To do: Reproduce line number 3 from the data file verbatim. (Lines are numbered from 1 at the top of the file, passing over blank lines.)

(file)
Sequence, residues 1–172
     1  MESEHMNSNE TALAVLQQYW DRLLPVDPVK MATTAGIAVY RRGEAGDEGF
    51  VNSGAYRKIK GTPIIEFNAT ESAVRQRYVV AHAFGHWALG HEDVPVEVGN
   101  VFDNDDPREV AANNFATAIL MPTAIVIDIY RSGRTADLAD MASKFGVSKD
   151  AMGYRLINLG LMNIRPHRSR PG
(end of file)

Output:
    51  VNSGAYRKIK GTPIIEFNAT ESAVRQRYVV AHAFGHWALG HEDVPVEVGN